dubnix dog

Photos by Miguel Otárola/DD

Two independent record stores: Stinkweeds and Revolver

Phoenix suffers in comparison to some other major American cities in certain categories. It isn’t a Los Angeles, San Francisco or Portland (no one’s a Portland) when it comes to record store proliferation. But that’s all the more reason to spotlight the fighters out here who make Phoenix a place worth living for avid music fans.

In Phoenix, Stinkweeds and Revolver Records are two of the very best music spots around. Here’s why each holds its own.

Stinkweeds is a venerable independently owned record store that ought to be ranked with some of the best nationally. It’s not downtown, but it’s just off the light rail station at Camelback and Central Avenue, making it a worthy stop for music lovers from anywhere in Phoenix.


Stinkweeds has a remarkable selection of new records and CDs, which is its strength, while it also reps racks and racks of used stuff. Stinkweeds is notable for its events and in-store concerts. It’s also a great location to pick up music books and magazines — it’s the only place I know of to buy 33 percent books, the series that covers classic albums — or to buy tickets to concerts around the Valley. Stinkweeds is likely the best one-stop shop for any Phoenician music lover.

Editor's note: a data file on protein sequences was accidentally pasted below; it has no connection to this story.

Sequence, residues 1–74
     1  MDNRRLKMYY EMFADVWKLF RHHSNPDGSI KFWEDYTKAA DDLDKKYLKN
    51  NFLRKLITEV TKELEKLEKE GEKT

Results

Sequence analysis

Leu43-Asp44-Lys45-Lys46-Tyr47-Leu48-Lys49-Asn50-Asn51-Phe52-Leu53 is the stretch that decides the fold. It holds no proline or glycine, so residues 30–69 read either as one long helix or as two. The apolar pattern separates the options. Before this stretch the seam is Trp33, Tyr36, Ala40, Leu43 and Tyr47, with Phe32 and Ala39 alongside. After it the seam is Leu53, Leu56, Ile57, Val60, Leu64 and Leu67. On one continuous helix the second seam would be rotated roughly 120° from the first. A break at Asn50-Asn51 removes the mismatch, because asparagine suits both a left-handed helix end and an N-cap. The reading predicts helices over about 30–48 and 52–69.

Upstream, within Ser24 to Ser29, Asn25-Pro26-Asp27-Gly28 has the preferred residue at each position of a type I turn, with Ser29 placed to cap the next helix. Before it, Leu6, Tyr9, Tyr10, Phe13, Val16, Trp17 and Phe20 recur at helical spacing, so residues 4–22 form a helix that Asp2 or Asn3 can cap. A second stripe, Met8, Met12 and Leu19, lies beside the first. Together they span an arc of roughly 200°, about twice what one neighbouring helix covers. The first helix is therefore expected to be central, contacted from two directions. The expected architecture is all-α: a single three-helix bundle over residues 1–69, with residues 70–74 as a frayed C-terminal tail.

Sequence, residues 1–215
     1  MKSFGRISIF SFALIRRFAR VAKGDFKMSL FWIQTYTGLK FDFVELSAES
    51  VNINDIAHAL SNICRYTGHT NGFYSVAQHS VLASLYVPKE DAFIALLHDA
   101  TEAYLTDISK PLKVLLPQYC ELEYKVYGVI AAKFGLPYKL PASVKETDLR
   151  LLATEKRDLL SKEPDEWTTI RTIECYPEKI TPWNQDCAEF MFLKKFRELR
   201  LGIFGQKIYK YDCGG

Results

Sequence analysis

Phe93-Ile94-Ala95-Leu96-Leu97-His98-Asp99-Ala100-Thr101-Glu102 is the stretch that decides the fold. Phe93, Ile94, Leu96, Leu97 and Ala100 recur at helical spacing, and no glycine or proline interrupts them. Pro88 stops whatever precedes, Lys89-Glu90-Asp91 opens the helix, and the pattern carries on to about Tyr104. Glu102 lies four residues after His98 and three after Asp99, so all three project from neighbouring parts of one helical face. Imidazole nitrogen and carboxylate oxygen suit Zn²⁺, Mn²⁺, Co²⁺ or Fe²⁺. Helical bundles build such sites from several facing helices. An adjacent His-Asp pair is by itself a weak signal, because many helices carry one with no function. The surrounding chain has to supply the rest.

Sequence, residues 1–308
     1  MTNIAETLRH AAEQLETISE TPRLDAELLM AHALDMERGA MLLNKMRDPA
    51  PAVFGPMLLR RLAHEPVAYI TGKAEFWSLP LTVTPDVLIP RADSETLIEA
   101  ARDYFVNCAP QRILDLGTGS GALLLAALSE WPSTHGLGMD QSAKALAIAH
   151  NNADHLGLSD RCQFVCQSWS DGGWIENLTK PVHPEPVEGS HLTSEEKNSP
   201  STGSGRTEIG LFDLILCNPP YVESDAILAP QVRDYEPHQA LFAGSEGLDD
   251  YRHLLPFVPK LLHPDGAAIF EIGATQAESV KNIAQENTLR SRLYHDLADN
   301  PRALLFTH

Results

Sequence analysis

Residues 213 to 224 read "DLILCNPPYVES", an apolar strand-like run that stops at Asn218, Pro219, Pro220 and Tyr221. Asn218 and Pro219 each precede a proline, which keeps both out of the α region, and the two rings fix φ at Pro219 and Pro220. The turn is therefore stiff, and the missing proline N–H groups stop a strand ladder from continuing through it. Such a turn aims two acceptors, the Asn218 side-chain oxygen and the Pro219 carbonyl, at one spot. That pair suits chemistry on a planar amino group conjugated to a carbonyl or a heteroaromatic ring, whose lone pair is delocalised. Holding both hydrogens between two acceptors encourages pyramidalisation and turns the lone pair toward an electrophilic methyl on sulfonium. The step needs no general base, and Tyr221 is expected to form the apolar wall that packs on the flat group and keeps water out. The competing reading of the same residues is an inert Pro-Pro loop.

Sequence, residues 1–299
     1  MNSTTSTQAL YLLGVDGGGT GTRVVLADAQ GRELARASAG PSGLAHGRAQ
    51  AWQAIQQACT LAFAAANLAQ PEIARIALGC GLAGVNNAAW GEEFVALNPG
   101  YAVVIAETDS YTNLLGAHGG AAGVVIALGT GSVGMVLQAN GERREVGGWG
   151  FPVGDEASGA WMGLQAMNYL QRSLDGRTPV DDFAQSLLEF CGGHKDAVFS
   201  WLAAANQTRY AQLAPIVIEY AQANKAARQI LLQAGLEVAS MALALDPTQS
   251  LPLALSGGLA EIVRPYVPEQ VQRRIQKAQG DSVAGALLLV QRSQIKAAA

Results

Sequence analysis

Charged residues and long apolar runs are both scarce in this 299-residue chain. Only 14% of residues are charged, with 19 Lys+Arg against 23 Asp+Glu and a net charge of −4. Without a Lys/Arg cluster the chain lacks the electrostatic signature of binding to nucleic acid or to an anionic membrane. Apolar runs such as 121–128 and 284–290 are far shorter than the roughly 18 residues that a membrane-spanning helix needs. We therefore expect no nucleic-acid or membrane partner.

inside stink

Revolver Records, on Second and Roosevelt streets, is one of the most bustling stores in the Valley. With a mind-boggling collection of used records and frequent turnover of recent arrivals, Revolver is the best location for the avid crate-digger. It also wins for its specialization in genres like metal and jazz (bring back the psych rock section!).

rev recs

For those not prone to search for a diamond in the rough among dusty classic rock, First Fridays is the best time to visit. In addition to hosting art, food and live music on its lawn, Revolver always whips out their best findings from the previous month on First Fridays, so the cream of the crop is readily apparent to any visitor.

inside rev

In related news: the Ghost of Eastside Records, in a Tempe location last year just outside the ASU campus, is currently in limbo. An August email from the owner announcing that a new location was forthcoming has yet to be followed up. Hopefully, Eastside chooses to set a permanent brick-and-mortar home somewhere in the Valley, instead of relegating its remarkable collection to the reliable but ephemeral online station of eBay.